It could happen anywhere anytime, but when it happens where you are will there be a quick-thinking person to take action? Will that person be you, or will you be the one that is rescued?
Hero sailor Mary Kovats tells the story
Three sailors are alive today because of the quick thinking and positive action of one of their wives. It happened this week on Lake Michigan in the USA. The coldness of the water of the lake added to the danger.
When, after a violent microburst of wind, Mary Kovats' husband did not return on time from a sailing trip with two friends on Lake Michigan, she knew that she had to do something.
They were all experienced sailors and members of the Chicago Corinthian Yacht Club and were out for a sail on a 19-foot sailboat, Peter Pan. All were wearing life jackets. Unbeknown to those on shore, fierce winds had flipped their boat several times.
Even as lightning crackled and rain lashed the shore, Kovats told herself to stay calm because Peter Kovats and his two friends — out celebrating Kovats’ 62nd birthday — were all experienced sailors.
So she called her husband’s cell phone — twice. Then she called his friends’ cell phones.
'And nobody answered,' Kovats, a Chicago Public Schools sixth-grade teacher, recalled.
Kovats is herself an accomplished sailor and member of the Chicago Corinthian Yacht Club at Montrose. She made the decision to take the yacht club’s motor boat to search for her husband, after hearing nothing from him in 45 minutes.
Kovats - Peter Pan - flattened by microburst
So at 8:30 p.m., Kovats set off with two other yacht club members. They were in such a hurry, they forgot to bring a search light, Mary Kovats said.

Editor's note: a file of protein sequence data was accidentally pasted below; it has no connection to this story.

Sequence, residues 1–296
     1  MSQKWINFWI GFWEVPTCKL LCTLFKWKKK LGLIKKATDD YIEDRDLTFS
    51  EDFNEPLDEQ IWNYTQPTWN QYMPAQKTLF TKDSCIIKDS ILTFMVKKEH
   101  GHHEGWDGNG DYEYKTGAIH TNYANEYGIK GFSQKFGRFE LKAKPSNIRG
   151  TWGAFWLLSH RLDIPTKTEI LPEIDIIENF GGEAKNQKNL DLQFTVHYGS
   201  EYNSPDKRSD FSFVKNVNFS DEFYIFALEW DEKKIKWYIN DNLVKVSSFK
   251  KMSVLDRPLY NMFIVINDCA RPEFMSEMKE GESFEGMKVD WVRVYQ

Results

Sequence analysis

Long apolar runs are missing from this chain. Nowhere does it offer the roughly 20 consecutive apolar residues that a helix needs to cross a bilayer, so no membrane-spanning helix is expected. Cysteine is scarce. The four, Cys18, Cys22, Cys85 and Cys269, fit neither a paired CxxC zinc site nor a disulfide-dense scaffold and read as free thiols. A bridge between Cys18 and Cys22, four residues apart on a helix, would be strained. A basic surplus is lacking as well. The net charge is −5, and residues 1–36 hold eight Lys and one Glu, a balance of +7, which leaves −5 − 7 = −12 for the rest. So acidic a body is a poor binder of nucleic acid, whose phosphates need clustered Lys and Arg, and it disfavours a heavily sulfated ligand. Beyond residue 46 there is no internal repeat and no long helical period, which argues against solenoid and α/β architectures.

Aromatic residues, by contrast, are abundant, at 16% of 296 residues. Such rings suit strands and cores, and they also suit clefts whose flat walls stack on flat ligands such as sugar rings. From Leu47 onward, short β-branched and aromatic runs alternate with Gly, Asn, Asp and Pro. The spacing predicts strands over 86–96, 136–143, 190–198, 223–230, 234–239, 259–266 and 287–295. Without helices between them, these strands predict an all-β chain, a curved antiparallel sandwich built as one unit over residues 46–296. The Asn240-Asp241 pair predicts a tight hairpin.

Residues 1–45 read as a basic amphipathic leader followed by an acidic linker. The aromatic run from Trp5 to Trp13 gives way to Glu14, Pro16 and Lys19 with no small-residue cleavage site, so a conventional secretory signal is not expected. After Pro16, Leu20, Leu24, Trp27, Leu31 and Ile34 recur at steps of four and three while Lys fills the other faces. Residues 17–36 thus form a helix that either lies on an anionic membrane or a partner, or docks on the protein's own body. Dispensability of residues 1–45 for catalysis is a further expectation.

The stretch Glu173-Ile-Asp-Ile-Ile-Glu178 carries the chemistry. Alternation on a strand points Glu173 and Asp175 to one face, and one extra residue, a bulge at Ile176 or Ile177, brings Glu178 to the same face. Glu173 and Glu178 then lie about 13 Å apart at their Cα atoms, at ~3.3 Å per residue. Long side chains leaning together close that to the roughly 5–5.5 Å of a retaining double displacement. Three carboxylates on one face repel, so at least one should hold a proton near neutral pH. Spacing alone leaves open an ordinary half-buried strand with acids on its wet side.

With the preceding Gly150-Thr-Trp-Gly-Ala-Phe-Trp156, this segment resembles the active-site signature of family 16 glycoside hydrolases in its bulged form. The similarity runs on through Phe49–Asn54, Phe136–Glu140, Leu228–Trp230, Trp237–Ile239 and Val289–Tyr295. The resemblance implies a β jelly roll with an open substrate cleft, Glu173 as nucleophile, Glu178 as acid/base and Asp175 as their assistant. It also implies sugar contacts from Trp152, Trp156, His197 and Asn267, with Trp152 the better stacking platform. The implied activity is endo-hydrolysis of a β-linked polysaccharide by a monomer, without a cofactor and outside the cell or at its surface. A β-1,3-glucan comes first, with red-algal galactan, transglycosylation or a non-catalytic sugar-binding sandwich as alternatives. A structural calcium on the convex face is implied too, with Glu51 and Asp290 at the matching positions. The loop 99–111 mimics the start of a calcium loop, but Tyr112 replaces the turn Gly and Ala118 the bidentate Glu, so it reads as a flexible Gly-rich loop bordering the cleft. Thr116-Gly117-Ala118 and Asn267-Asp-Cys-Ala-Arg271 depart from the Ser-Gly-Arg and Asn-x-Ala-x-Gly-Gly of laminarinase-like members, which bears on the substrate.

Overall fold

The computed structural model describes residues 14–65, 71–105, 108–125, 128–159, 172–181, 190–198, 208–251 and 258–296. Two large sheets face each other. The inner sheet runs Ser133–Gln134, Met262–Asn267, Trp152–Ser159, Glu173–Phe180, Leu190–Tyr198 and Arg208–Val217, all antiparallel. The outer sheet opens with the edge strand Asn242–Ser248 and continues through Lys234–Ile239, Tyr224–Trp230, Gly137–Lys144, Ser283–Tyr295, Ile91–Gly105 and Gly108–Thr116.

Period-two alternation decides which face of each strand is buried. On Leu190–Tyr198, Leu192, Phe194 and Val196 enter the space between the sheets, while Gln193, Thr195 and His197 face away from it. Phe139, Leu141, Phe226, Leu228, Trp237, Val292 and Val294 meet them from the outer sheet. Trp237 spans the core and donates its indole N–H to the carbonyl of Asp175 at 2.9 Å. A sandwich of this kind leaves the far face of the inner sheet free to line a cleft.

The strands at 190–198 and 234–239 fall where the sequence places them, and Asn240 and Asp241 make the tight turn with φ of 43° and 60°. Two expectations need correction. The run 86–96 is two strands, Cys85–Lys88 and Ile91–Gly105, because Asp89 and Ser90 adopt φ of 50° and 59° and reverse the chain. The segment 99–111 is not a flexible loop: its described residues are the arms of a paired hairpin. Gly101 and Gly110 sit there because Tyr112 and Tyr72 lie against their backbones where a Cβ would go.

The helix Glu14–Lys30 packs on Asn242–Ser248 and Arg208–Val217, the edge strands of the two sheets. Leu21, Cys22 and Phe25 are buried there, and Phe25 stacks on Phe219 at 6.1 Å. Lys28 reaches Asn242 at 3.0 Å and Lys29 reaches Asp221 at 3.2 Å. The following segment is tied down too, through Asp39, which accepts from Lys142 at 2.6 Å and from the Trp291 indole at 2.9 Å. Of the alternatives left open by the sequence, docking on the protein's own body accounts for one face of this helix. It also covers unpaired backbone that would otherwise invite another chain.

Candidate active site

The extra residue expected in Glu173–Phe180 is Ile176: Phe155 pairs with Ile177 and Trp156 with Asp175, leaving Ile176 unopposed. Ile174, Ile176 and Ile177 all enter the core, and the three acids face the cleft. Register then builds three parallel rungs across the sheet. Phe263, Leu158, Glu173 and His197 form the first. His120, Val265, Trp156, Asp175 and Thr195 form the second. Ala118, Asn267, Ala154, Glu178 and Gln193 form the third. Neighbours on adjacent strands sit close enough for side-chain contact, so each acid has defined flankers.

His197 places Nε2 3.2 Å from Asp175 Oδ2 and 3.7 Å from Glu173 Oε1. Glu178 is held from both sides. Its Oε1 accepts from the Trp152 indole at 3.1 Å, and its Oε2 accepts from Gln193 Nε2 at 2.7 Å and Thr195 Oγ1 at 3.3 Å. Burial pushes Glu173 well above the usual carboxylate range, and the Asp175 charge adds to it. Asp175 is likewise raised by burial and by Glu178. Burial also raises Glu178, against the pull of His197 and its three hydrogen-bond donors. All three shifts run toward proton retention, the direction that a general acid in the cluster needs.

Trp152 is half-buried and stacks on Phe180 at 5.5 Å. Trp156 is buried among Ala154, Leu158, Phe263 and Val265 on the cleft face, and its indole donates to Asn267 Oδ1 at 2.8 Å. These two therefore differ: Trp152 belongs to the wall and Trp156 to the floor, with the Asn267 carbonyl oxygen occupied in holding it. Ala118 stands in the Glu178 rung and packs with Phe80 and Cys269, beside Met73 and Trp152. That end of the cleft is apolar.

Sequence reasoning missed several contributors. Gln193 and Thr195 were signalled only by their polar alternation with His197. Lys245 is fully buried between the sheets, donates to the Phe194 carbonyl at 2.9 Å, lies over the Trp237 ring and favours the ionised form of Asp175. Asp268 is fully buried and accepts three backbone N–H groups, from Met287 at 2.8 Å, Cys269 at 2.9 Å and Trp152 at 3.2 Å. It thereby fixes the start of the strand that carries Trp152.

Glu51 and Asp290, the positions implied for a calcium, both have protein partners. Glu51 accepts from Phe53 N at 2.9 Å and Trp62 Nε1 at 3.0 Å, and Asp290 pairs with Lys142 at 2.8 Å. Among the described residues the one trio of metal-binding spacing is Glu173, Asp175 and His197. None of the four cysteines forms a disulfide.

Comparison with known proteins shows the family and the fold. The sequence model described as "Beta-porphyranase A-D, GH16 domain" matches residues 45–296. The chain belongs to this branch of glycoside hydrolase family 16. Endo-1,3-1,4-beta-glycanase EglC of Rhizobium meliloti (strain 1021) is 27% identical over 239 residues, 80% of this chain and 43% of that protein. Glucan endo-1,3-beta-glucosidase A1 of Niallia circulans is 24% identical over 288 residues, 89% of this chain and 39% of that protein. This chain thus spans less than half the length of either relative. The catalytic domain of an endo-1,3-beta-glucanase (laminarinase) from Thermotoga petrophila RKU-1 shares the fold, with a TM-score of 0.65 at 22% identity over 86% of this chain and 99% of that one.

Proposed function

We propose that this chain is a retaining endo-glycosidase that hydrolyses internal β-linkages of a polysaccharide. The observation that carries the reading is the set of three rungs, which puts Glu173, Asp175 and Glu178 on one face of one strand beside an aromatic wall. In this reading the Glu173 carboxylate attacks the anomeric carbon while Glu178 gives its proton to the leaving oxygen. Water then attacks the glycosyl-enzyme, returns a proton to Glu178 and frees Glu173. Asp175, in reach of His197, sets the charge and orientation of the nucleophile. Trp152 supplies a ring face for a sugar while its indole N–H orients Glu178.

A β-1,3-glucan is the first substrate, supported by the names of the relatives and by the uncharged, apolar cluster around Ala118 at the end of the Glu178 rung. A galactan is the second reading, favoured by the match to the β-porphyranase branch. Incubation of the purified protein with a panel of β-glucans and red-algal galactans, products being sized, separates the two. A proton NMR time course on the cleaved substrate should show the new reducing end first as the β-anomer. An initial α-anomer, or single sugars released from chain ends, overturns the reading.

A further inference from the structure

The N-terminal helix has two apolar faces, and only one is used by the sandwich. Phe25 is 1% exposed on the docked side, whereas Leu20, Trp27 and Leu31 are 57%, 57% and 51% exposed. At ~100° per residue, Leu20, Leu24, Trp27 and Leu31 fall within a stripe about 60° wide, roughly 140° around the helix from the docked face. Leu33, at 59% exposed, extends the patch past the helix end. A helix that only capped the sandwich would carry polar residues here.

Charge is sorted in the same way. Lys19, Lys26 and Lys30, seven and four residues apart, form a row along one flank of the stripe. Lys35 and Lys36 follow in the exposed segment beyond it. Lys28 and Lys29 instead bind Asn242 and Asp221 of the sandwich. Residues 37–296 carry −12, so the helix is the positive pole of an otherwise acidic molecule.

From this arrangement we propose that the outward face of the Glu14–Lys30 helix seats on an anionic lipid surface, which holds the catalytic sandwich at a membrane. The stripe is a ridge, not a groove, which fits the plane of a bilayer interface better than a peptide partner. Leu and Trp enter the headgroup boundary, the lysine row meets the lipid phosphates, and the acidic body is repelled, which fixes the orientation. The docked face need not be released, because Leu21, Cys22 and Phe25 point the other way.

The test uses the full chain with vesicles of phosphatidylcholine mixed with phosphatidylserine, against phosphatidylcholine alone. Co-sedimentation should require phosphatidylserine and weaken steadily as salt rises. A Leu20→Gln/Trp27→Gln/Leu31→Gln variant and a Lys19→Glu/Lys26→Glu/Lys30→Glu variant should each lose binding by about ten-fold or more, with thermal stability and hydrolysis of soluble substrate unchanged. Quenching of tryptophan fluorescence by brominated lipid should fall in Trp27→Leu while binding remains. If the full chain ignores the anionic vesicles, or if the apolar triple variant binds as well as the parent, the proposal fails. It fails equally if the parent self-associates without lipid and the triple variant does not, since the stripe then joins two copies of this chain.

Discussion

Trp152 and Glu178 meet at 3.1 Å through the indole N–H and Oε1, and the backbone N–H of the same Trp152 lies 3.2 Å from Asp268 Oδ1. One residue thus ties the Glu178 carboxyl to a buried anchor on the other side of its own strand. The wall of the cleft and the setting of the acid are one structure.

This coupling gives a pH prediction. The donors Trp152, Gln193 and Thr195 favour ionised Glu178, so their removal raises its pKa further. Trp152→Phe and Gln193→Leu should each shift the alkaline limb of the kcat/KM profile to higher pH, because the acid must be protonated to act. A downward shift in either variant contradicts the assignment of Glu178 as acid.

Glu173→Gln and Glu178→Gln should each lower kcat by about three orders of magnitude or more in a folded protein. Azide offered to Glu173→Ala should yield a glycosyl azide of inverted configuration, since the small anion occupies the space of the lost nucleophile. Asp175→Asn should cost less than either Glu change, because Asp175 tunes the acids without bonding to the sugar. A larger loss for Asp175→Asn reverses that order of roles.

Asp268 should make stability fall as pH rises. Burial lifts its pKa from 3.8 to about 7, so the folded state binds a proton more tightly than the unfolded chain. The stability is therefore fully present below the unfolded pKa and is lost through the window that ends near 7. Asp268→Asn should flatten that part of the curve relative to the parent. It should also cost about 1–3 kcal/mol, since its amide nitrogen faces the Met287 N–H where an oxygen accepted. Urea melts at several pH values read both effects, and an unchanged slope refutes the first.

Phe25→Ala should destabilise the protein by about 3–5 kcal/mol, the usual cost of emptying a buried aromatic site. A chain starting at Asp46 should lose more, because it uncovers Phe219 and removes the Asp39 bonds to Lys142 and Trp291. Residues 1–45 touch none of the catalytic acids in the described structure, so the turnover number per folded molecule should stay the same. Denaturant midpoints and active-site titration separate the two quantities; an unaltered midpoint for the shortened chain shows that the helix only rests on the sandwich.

It didn’t take them long to find Peter Pan. It lay capsized and empty about one mile from the harbor near Irving Park, Kovats said.
'The sails were all hanging in disarray …,' Kovats said. 'I didn’t know if they were dead. I just couldn’t imagine where they were. It was terrifying.'
'We had been hit by a gust of over 75 mph and just slapped down in no time at all,' rescued sailor Peter Kovats, Mary's husband, told ABC Local.
She saw her husband floating in cold waters, semi-conscious, about 200 yards away and heard the cries of the other men in the lake.
'I spotted something, and it was Peter,' Mary said. 'We pulled him out and we could hear the others.'
Kovats - Mary and Peter sailing in happier times
'Due to the exertions I just blacked out, and we were found by the actions of my wife and two experienced sailing friends,' said Peter.
Mary Kovats and the other two rescuers pulled all three men out of the water. They had been floating for almost 45 minutes.
The rescuers removed the men's clothing and took them to Illinois Masonic Medical Center to be treated for hypothermia and shock.
'It is a miracle that they survived and are alive,' said Dr. Patricia Lee at the Medical Center. 'It is an unbelievable story of good luck and his wife. They found them. It is a remarkable story. It is a miracle.'
'It was tremendous what they did,' said rescued sailor Daniel Tenuta. 'Mary took action and saved our lives.'